My experience in interdisciplinary research

Prologue: It’s #WomensMonth and I was asked to write a little bit about my perspective in interdisciplinary research. This is probably the hardest blog post I have had to write because I do not have a strong opinion on gender issues. I think I have been lucky in my past experiences which led me to not have to develop a strong opinion on these issues. In this post, I expound a bit on this sense of luck.

Interdisciplinary research is a complicated venture. This type of work is needed when you are trying to tackle a problem that is too complex (too wicked) to be solved by a single discipline. From environmental sustainability to cancer, our world is riddled with wicked problems waiting to be solved. Doing interdisciplinary research often means that you have to work in a team comprised of experts in different fields, which can lead to issues due to all the jargon we use in each of our fields and differences in culture. Half the time, you are likely to have no idea what your collaborator is saying.

Now add to this the inherent complexities of working in any kind of team at all: differences in culture, age range, rank, and gender. I think that any team is more likely to have problems at some point than to sail through to success because human nature is so complicated. But just like wicked problems can only be solved by combining different disciplines, human teams are more likely to rise above mediocrity when they are diverse. That is the beauty of our so complicated human nature.

For example, teams with both female and male members outperformed single-gendered teams in a research study. Still, I remember getting some of my best grades working in all-female teams in undergrad (I’m thinking of you, Helena, Lorena, Daniela, and Daiane!). What does that say about this? That probably there is no all-encompassing rule when it comes to human behavior. I believe that the same goes for modern-day gender issues. Another study found that, in group discussions, female students made shorter statements and presented them more hesitantly. My background in an engineering field taught me that to be heard it would serve me well to be assertive, to speak loudly and clearly, and to make sure my arguments were sound. I don’t like to think that these are inherently male traits because, well, these come naturally to me and I’m female.

I’m lucky to have worked with some very talented women throughout the past fifteen years in a field in which the numbers were historically not on our side. While other diversity and inclusion issues persist, today we are reaching overall gender equality in Science and Engineering undergraduate degrees and we are making good progress in graduate degrees.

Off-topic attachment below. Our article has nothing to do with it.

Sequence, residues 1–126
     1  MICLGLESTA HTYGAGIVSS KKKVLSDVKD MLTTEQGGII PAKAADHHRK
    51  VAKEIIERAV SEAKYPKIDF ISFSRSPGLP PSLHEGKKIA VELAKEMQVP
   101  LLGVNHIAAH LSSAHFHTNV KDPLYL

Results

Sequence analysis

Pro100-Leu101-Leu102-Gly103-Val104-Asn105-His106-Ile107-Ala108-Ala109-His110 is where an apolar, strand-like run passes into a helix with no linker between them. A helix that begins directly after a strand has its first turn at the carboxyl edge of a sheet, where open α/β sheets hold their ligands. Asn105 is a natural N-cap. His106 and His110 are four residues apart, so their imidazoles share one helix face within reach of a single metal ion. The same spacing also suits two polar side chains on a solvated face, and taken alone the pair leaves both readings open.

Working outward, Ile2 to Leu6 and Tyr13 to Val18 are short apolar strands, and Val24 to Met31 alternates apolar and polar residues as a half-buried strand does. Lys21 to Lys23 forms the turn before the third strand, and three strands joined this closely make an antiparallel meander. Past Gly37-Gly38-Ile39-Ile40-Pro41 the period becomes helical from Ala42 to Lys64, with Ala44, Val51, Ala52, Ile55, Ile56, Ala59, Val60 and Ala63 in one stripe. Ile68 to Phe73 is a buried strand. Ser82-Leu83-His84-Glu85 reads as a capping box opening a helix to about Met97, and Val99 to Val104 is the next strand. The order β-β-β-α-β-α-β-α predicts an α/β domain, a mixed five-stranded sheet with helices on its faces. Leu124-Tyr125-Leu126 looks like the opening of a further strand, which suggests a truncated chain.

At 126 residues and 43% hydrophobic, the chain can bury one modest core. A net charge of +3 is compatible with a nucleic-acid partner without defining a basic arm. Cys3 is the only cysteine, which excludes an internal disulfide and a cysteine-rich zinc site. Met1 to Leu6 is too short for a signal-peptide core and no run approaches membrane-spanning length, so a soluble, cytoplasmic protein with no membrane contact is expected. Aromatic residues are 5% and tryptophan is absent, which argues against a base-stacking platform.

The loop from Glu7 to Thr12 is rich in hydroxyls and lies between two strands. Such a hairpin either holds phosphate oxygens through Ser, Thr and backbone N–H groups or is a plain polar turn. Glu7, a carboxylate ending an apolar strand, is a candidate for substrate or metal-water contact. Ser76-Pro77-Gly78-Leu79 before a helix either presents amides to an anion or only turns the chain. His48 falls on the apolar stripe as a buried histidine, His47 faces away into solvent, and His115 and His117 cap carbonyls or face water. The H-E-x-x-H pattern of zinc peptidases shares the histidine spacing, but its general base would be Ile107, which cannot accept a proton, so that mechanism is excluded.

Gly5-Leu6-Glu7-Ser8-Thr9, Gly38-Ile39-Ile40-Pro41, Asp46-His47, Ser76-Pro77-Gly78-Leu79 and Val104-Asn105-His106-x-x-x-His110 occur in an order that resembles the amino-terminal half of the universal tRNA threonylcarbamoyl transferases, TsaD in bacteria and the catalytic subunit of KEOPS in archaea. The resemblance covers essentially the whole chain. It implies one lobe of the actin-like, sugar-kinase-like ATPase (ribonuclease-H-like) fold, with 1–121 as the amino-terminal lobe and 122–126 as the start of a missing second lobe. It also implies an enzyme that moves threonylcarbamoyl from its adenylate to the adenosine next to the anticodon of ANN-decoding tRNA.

Today I am a researcher in the very interdisciplinary field of environmental nanotechnology. I am happy to have worked in teams with every possible gender ratio and teammates from many different disciplines and countries all over the world. I have been so lucky that I haven’t had to think about gender issues very often because in my immediate work and life circles I have interacted with equally successful men and women. But that also has made me less tuned into some small issues around me.

Working with people from a variety of backgrounds has been incredibly enriching and I’m sure it made me a better manager and researcher, even though the activation energy for a diverse team may a little higher. Those positive team experiences were only possible because team members were treated with equality, regardless of their backgrounds, gender or otherwise. The current UN #heforshe campaign tackles exactly that: gender equality is an issue to be addressed by society as a whole, not one segment fighting against the other. Diversity makes us better people and creates better teams. Seeing other backgrounds and hearing other perspectives can give us the creative energy we need to tackle wicked problems.



Women in Interdisciplinary Research

Tuesday, March 31st

1:00—3:00PM in 310 Kelly Hall


What is it like to work in interdisciplinary research? Does it offer particular challenges, and opportunities, for women? During a panel discussion, hear from women involved with the Institute for Critical Technology and Applied Science. Learn how they found themselves in this fast-growing area of science—and what the opportunities are for you! Brief tour of one of the interdisciplinary labs to follow. Sponsored by the Institute for Critical Technology and Applied Science.

Contact Dawn Maxey at for more information.


About the Author:  Marina Vance is the Associate Director for VTSuN: Virginia Tech’s Center for Sustainable Nanotechnology and a research scientist of the Institute for Critical Technology and Applied Science (ICTAS) at Virginia Tech.


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